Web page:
Forget the eloquent speeches, the elegant suits and the Ivy League pedigree; Barack Obama is not so different from you, just a regular guy. With an eye to white working-class voters, Obama has recalibrated his image to bat away impressions that he is out of touch, an elitist.
Obama's suit coat is rarely in evidence these days. On a chilly Monday morning in Evansville, he arrived at a construction site in a white shirt and dress pants, though that led to teasing by workers wearing heavy tool belts over how skinny he looked.
In speeches, he puts emphasis on different chapters of his biography: his humble Hawaiian roots and teenage mother.
And he appears more often in front of small groups rather than giant rallies that isolate him from the crowd.
Behind the makeover is a recognition that in a fierce battle for a distinct slice of the Democratic electorate, Sen. Hillary Rodham Clinton of New York is winning big. One national poll taken before the Pennsylvania presidential primary last month showed Clinton beating Obama by nearly 40 percentage points among white working-class voters. Clinton argues that her consistent success with these voters makes her more electable in the fall.
Obama's actions haven't always helped the cause. He was recorded telling campaign donors in San Francisco that small-town voters are "bitter" about their economic circumstances and "cling" to guns and religion.
His longtime pastor, the Rev. Jeremiah A. Wright Jr., further complicated matters with his contention after the Sept. 11 attacks that "America's chickens are coming home to roost" and with his theories about U.S. government complicity in the AIDS epidemic.
Now the campaign seems intent on portraying Obama as rather unexceptional. Overlook that he's a Harvard Law School graduate, a U.S. senator from Illinois and the author of two books, and you'll find a husband and father of two.
"We're always refining and perfecting the message," said David Axelrod, the campaign's lead strategist.
The Indiana primary today will test whether the new working-class incarnation pays off, but some supporters in the state prefer the old version.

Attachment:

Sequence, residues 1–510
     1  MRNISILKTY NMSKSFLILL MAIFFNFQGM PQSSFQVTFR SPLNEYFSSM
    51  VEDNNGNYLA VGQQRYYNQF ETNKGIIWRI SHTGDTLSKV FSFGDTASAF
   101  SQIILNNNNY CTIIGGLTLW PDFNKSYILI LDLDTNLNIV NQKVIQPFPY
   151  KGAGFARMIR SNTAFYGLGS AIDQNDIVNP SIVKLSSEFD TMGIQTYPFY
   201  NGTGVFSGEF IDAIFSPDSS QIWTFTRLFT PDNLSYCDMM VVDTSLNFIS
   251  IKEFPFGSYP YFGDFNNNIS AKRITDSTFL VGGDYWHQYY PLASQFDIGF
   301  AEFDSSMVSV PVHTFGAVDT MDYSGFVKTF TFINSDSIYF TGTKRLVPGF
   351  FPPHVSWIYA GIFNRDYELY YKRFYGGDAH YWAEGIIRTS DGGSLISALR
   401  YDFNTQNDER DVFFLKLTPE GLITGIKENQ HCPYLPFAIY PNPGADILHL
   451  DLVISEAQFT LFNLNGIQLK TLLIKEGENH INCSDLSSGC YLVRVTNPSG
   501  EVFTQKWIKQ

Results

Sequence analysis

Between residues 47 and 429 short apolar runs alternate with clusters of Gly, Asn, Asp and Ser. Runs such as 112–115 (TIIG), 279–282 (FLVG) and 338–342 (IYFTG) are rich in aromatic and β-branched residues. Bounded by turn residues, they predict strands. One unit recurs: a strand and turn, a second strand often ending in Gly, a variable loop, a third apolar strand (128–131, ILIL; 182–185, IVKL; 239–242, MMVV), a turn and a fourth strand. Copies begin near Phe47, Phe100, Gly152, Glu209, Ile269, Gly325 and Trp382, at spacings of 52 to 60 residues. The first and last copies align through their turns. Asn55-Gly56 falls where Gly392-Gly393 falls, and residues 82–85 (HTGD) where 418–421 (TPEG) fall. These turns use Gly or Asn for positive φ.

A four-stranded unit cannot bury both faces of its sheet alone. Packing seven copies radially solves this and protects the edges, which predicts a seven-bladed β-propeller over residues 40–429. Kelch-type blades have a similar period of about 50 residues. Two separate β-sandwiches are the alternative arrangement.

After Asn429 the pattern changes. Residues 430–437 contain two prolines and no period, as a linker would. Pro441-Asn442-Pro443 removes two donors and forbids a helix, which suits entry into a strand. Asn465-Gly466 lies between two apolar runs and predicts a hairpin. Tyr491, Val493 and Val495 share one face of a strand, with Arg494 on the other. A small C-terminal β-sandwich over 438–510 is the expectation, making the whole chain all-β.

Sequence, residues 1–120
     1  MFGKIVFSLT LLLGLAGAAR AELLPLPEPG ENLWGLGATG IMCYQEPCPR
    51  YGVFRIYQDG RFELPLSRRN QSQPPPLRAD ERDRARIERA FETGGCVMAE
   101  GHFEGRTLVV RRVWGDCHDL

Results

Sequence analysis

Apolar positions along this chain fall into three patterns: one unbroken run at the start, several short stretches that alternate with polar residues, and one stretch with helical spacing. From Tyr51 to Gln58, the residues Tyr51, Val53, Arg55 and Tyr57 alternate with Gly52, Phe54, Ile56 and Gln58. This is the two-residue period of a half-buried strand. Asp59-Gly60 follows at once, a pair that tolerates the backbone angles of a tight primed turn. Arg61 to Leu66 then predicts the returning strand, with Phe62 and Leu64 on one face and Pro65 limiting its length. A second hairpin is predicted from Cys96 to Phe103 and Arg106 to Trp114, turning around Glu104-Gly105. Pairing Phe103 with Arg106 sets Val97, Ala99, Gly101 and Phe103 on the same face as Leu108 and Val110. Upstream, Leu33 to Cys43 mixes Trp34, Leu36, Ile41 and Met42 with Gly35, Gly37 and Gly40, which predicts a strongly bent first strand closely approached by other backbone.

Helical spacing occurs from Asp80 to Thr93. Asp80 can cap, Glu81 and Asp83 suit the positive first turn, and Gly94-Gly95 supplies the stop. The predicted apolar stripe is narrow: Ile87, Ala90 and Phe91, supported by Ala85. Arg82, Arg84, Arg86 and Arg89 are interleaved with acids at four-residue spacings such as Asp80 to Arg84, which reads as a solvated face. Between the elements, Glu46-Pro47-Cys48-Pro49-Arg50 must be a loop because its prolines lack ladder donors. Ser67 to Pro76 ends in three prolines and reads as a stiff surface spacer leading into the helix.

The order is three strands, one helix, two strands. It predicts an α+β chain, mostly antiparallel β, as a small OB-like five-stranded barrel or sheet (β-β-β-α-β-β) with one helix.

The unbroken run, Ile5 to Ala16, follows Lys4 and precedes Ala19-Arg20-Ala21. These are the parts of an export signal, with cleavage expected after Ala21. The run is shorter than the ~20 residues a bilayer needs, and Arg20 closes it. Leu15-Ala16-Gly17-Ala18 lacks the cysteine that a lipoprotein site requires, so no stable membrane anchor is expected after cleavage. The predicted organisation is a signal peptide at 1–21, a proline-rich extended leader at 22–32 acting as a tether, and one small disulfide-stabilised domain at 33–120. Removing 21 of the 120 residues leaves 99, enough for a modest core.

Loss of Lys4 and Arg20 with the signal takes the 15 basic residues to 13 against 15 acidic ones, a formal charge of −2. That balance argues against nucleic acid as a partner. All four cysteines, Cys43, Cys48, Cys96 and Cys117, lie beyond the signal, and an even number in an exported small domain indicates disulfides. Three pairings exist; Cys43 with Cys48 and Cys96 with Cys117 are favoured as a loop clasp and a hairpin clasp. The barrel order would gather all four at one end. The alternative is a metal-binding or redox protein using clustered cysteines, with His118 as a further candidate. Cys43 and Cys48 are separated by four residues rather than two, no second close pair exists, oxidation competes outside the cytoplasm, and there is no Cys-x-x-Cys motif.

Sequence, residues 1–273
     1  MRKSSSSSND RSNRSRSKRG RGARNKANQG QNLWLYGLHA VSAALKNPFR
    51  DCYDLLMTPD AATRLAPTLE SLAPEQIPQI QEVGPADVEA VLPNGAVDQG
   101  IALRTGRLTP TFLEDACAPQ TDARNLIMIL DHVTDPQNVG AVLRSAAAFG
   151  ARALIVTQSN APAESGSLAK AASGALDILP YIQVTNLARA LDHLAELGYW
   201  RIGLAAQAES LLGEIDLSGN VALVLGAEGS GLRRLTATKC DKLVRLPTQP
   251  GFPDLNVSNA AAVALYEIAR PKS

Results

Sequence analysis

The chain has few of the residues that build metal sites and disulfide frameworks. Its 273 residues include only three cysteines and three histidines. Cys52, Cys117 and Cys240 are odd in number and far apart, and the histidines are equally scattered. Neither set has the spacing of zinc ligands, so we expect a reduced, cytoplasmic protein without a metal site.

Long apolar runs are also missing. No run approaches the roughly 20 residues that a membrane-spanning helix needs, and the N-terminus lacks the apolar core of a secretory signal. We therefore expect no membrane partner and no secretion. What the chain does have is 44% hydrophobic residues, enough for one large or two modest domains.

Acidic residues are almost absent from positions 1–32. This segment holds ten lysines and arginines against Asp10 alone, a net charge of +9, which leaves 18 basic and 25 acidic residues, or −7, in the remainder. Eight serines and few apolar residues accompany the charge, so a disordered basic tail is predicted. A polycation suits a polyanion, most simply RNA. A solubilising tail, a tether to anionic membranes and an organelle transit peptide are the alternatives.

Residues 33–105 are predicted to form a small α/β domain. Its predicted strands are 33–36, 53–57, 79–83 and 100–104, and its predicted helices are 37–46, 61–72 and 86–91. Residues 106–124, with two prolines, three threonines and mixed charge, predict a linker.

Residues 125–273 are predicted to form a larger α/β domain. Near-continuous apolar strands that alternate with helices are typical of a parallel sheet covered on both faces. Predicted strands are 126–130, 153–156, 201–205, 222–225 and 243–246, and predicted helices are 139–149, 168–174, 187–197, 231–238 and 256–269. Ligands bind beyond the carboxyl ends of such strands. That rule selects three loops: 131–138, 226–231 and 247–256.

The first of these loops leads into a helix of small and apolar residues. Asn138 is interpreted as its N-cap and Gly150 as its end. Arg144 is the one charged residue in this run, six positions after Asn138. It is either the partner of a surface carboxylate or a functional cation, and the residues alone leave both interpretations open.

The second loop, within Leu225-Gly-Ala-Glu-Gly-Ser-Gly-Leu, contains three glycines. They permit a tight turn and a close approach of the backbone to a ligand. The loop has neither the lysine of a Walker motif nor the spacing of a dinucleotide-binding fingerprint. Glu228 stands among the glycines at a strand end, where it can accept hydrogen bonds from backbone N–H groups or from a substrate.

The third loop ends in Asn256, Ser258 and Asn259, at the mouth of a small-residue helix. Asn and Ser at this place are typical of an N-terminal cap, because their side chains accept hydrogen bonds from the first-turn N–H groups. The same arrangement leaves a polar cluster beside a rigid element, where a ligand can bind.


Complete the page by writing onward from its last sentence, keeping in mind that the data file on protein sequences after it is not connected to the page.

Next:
"You want your president to be elite," said Caleb Warner, 29, who came out to see Obama on Saturday in Noblesville, Ind., drawing on an Indianapolis Colts analogy: "I want Peyton Manning as my quarterback. He's an elite quarterback. I want the best guy for the job."
Obama's campaign has sought out ordinary voters to vouch for him.
The usual practice at rallies is for local politicians to introduce the candidate. Obama is turning to everyday people.
Mike Fisher, a resident of Beech Grove, Ind. (population 14,000), got a call from the Obama campaign last week. He was told that Obama wanted to talk to someone whose job was in jeopardy, said Fisher, who is in danger of losing his position at an Amtrak maintenance facility unless he agrees to a transfer.
Obama and his wife, Michelle, showed up at his door and spoke with the Fisher family for more than an hour. Fisher and his wife laid out a buffet, including cold cuts and fresh fruit.
"When I said we had some food, Sen. Obama said he wasn't bashful and just got right up and fixed himself a plate. Just like a family gathering," Fisher said.
Later, the campaign asked if Fisher would introduce Obama at a stop in Indianapolis. He agreed, and the campaign e-mailed him to suggest talking points.
"He sat down at our kitchen table, put both elbows up on the table and said, 'Let's talk,' " Fisher told the crowd Saturday.
"Barack and Michelle listened and understood and it was like talking to family. It was that easy talking to those two. They're a regular couple. They're regular people."
A folksier, more informal Obama is also often on display.
Last week he stopped at a VFW hall in North Liberty, Ind. (population 1,357). Shirt sleeves rolled up, he ordered a beer. Domestic beer.
"I'm going to have a Bud," he said.
Drinking deeply from the can, Obama took some questions about high gas prices and cast himself as a champion of the working class.
Saturday night, the Obama family popped into roller rink in Lafayette, Ind. As a deejay played the Village People's "YMCA," Obama spelled out the letters with his arms and legs, as any Village People fan would.
While Obama shook hands, his two daughters, ages 6 and 9, skated. Obama later went out and joined them, protectively holding his younger, Sasha, as she struggled to stay upright. A battery of TV cameras captured the father-daughter moment.
New language in Obama's stump speech is meant to reassure voters who may have been put off by Wright and wonder how much of the preacher's philosophy rubbed off.
Obama tells how he was raised by a single mother, how his father left the family when he was only 2.
"You want to understand my patriotism? It's my understanding that only in America is my story possible, Michelle's story possible -- that I owe everything to this country," he said.